Distinguished Professor Alexandru Nicolau, chair of the Department of Computer Science in the Donald Bren School of Information & Computer Sciences, has been elected to the Academia Europaea. The pan-European academy of science, humanities and letters, formed in 1988, has a membership of more than 3,800 eminent scholars, drawn from all countries of Europe and all disciplines, nationalities and geographical locations. Professor Nicolau was selected by his peers for inclusion in the informatics section in recognition of his consistent research excellence in parallelizing computers, high-performance Java, and power-aware and reconfigurable computing. He joins Chancellor’s Professor Gene Tsudik among the 17 U.S.-based academy members in a computing-related field. Congratulations, Professor Nicolau!
Vicki L. Ruiz, Distinguished Professor Emerita of history and Chicano/Latino studies, has been awarded the Apple of Gold for Excellence in Education by the Hispanic Education Endowment Fund. The honor recognizes her nearly four decades of work in illuminating the history of Latinas, particularly in the struggles for civil and labor rights. This is only the latest of the many awards and honors she has received for her groundbreaking studies, including the National Humanities Medal and election to the American Academy of Arts & Sciences. Congratulations, Professor Ruiz!
Rise in international research reputation
The international science journal Nature, through its Nature Index, has named UCI as the most improved institution in North America in terms of the number of papers on the physical sciences published in high-quality journals between 2015 and 2017. I congratulate the entire faculty of the School of Physical Sciences on this outstanding recognition of their research efforts.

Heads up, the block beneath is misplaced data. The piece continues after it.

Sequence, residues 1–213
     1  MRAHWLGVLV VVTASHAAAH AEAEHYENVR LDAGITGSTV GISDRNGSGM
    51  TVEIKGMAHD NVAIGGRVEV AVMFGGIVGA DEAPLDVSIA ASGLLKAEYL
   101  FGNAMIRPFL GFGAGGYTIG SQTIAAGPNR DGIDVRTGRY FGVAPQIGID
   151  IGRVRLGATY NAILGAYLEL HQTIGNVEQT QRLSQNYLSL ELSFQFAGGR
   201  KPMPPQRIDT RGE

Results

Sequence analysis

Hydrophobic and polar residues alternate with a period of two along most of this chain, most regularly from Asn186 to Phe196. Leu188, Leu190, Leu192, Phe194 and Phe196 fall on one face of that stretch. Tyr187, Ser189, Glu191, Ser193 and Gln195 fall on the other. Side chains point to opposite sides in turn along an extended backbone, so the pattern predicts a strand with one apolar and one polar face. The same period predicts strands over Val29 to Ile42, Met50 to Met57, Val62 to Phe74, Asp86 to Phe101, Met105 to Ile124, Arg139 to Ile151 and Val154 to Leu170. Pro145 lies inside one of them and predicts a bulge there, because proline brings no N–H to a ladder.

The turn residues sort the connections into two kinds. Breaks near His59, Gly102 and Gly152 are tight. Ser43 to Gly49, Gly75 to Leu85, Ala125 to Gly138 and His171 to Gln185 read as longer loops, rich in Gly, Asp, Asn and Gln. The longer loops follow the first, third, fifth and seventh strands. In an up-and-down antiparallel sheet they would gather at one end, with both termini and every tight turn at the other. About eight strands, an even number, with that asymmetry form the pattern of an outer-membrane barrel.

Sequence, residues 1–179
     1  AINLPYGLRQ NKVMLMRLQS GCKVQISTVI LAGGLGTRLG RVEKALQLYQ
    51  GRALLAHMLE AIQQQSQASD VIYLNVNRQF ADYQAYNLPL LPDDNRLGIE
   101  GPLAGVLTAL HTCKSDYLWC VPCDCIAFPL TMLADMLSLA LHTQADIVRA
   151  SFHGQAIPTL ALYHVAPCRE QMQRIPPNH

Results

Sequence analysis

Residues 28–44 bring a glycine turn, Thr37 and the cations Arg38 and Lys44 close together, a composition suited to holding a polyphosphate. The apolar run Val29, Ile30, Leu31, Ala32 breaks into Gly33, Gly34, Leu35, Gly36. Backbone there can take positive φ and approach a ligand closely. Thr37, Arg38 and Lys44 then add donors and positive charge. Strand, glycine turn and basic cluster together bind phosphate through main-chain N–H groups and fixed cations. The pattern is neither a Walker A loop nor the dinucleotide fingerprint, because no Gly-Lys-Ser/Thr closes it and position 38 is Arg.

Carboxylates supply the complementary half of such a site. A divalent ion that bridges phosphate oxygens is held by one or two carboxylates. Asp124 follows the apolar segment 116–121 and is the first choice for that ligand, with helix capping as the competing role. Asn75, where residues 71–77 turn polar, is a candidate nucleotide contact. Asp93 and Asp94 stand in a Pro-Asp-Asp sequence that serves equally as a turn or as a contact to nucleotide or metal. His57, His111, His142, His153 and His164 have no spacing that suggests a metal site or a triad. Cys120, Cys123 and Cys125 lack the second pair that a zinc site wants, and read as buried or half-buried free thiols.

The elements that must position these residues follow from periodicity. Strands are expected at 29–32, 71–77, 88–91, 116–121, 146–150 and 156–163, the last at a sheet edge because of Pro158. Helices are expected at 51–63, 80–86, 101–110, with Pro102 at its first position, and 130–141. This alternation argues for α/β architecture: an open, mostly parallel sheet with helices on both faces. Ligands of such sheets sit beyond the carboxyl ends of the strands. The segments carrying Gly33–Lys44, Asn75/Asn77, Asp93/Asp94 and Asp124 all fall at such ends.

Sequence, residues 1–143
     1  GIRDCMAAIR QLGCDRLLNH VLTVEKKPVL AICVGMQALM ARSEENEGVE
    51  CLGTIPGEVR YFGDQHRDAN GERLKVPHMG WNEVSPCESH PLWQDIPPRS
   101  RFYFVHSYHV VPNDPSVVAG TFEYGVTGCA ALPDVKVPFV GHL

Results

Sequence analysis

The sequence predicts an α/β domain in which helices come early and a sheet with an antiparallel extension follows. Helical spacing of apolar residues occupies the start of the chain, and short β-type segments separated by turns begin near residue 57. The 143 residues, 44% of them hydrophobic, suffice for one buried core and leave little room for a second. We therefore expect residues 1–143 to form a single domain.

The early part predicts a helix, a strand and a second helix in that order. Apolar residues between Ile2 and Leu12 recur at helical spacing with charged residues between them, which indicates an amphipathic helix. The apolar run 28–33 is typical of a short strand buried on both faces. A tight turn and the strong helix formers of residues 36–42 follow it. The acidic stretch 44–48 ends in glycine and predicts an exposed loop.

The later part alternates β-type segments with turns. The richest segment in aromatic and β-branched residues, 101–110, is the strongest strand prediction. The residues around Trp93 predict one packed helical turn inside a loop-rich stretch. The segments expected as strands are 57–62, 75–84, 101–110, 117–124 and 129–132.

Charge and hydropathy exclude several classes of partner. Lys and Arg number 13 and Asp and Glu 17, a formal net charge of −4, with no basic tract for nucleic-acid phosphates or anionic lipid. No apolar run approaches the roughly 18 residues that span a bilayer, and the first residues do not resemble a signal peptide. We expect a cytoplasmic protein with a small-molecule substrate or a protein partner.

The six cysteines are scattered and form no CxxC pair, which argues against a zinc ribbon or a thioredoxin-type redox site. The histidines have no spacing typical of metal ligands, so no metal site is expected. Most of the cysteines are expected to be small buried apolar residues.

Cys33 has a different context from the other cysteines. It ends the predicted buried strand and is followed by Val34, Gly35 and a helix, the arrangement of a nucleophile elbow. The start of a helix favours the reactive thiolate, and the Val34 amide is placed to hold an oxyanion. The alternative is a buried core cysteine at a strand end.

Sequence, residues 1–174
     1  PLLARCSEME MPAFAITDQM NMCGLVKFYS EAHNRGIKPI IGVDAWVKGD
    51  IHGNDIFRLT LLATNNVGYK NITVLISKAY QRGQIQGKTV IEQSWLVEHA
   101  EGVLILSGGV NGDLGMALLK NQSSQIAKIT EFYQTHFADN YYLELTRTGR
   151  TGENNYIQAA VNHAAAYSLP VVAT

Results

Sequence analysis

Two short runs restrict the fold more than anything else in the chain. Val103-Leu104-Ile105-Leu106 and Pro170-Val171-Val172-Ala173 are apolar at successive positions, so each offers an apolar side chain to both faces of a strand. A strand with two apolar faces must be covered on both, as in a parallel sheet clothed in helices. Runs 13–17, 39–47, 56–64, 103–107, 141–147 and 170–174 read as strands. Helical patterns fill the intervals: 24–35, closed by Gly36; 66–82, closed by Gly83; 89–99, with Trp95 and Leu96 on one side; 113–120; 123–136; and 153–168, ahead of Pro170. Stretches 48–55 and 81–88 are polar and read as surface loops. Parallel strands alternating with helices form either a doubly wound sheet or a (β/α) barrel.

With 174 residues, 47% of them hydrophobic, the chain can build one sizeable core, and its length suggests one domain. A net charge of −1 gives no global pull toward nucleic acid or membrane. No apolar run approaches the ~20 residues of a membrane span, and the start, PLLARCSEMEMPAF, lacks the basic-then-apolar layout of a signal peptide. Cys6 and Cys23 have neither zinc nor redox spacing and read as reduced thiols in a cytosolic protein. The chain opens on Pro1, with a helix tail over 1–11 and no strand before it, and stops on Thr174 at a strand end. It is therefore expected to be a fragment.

The Nature Index, which tracks contributions to research articles appearing in natural science publications, calls UCI a “top rising star,” achieving nearly 24 percent growth in its fractional count (relative contribution of each author to an article) over the past three years, with increases in all four of the school’s academic fields. Factors behind UCI’s improvement, according to the index, include an emphasis on building research facilities with advanced equipment, such as the recently dedicated Irvine Materials Research Institute, and our aggressive campaign, highlighted in our 2016 strategic plan, to recruit new faculty; the School of Physical Sciences added nine faculty members this year alone.
Every year at convocation, I tell the incoming students something to the effect that “this institution was created to do the serious and important work of ... providing you with an education ... that will lead you to live a more satisfying and meaningful life; be a knowledgeable, thoughtful and discerning contributor to your community; and be a force for good in the world.” And in the past few weeks, I saw on campus tremendous evidence that we are succeeding in this goal.
The most important contribution one can make to one’s community and to being a force for good is, I firmly believe, to vote. This fall, we had a number of different registration locations on campus, and whenever I walked by one of them, there would be students there, filling out forms and preparing to participate in our democracy. We also had five separate polling places on campus, and although I have not seen the final figures, it is clear that more students voted on campus this year than in any previous midterm election. Young people are sometimes called out as a group for voting less than other age groups, but I’m proud to say that that certainly wasn’t true on our campus.
I wish you all a happy Thanksgiving celebration and look forward to your participation in the life of this great university as we close out the fall quarter.